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Money Smart. Money Information, Money Education

Help us help young people

Four kids make a workshop!

Start Money Smart Workshop

Photo by Bobbie Bush

  • How to maintain a checking account?
  • How do credit cards work?
  • What will come out of their paychecks?
  • How to stay organized so bills get paid?

Workshop Pricing

Funding may be available through grants received through Fiscal Sponsorship.

Teenagers & Young Adults
Number Price per class
4 - 6 $50
7 - 11 $40
12 - 21 $35
Over 22 $30

Prices are based on number of students in attendance.

Workshops can include classes in succession or over several days.

What's been going on...

Woman to Woman

Jameel has been asked back to teach the Financial Literacy portion of the Fresh Start Woman to Woman Program at the Crittenton Women's Union. This is a wonderful program that helps low income women make a fresh start with information on computer skills and career/life skills. Through the Center for Women and Enterprise, this is the third five-week program Jameel has been asked to teach. For more information check out their site at LiveWorkThrive.org.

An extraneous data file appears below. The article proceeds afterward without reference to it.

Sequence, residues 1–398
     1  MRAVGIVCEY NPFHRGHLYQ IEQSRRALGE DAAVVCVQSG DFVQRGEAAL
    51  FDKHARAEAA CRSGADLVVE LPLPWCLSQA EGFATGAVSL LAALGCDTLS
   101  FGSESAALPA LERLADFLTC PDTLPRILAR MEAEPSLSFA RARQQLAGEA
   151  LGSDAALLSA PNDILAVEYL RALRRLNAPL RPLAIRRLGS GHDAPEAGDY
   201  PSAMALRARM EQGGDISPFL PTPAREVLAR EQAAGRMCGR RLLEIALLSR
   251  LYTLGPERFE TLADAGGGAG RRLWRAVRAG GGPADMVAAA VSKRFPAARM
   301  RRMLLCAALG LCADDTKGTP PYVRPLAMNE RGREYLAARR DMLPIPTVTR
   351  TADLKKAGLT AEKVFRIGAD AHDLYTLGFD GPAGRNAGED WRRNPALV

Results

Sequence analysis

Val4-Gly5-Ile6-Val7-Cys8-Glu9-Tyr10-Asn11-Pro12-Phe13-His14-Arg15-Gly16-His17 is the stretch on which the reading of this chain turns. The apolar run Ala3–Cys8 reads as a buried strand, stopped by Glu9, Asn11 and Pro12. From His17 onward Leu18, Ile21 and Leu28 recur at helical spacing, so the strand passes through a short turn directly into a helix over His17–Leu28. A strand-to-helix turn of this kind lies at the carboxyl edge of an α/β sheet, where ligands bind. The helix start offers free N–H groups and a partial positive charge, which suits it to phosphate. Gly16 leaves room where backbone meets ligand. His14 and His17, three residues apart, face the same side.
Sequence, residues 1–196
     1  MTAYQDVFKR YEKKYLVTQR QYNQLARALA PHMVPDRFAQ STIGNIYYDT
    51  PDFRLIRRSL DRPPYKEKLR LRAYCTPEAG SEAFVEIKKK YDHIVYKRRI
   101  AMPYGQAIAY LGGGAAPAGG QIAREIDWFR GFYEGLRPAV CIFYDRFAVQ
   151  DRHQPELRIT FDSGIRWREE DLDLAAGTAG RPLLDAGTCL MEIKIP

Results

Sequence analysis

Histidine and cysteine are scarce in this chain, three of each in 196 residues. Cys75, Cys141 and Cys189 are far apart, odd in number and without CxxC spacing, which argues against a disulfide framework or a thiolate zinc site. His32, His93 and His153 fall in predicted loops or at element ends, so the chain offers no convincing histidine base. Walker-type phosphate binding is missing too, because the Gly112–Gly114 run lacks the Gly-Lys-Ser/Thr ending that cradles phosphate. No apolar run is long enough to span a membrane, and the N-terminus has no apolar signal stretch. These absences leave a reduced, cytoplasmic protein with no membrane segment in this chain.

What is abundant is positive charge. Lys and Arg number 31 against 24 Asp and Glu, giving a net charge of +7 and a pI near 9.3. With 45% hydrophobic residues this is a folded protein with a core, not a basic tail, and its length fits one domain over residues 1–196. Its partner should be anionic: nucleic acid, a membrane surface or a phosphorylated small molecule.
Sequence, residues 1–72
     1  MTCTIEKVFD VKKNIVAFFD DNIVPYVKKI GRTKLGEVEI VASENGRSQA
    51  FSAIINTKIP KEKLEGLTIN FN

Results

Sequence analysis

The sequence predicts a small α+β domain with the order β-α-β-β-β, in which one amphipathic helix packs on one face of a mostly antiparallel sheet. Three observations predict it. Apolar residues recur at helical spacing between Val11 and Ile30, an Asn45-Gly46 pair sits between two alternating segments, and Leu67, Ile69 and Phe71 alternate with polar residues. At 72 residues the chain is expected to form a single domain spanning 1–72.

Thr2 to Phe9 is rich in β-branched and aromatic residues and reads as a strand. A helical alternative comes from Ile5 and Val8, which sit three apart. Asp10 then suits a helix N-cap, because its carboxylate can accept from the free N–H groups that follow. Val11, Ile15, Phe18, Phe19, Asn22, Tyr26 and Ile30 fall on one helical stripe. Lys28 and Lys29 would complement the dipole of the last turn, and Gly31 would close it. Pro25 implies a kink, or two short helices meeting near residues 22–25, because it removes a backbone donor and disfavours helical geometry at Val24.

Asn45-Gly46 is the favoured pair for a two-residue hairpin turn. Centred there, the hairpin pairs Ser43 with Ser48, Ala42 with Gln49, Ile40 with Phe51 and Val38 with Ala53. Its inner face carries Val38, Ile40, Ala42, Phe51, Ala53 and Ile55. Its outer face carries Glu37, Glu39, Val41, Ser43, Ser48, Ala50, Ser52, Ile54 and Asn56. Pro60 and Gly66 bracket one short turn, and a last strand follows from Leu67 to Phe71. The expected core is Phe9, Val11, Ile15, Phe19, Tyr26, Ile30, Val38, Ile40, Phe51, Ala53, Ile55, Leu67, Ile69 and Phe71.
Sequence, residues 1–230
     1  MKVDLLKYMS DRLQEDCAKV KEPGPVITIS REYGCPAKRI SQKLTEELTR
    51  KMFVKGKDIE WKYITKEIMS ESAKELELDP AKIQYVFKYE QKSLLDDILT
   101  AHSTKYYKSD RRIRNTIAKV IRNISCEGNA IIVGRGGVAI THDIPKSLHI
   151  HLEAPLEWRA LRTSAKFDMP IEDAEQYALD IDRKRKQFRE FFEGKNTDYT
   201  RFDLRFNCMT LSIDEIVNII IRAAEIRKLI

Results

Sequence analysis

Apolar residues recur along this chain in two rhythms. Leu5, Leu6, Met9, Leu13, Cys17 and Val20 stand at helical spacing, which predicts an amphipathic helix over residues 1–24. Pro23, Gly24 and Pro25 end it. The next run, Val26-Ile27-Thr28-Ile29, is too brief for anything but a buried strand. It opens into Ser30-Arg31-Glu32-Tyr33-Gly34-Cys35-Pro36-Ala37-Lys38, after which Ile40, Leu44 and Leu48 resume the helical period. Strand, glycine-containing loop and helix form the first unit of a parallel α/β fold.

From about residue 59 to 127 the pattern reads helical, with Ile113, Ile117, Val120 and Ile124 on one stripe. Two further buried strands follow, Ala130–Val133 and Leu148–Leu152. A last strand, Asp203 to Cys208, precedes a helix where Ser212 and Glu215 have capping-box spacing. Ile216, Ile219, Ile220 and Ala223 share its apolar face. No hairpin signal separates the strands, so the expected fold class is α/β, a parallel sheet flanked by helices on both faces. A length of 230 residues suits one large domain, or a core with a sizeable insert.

The Maura Hennigan Show

Jameel was a returning guest on Maura A. Hennigan's television show, Suffolk County Criminal Justice Connection. The show airs every Tuesday at 12:30PM and 10PM on Boston Neighborhood Network (BNN) in certain Suffolk counties. Maura is the Clerk Magistrate for the Suffolk County Criminal Business Court. She's a strong believer in additional financial literacy in our schools and communities. Thanks Maura for helping Start Money Smart increase exposure on these really important issues.

HCVC Family Resource Center

Haverhill Community Violence Center was recently awarded a Department of Public Health grant to allow them to work at preventing violence in their community. In addition to other great programs, they have opened a Family Resource Center at the YWCA in Haverhill every Thursday evening as a place for families to go to for support and information. HCVC asked Start Money Smart to give workshops throughout March regarding financial literacy. The classes were fun and well received. For information about HCVC check out their website at www.hcvcinc.org.

What's coming up...

Mom Matters TV